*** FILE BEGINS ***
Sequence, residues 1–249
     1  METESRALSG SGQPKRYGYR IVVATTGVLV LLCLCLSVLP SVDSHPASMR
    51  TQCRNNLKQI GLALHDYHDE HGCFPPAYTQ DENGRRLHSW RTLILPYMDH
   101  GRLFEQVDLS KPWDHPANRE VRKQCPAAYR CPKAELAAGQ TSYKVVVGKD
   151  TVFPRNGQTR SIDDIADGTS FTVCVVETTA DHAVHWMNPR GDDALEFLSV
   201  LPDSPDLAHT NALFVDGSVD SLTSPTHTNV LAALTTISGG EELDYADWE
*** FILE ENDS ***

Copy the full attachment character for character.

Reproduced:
Sequence, residues 1–249
     1  METESRALSG SGQPKRYGYR IVVATTGVLV LLCLCLSVLP SVDSHPASMR
    51  TQCRNNLKQI GLALHDYHDE HGCFPPAYTQ DENGRRLHSW RTLILPYMDH
   101  GRLFEQVDLS KPWDHPANRE VRKQCPAAYR CPKAELAAGQ TSYKVVVGKD
   151  TVFPRNGQTR SIDDIADGTS FTVCVVETTA DHAVHWMNPR GDDALEFLSV
   201  LPDSPDLAHT NALFVDGSVD SLTSPTHTNV LAALTTISGG EELDYADWE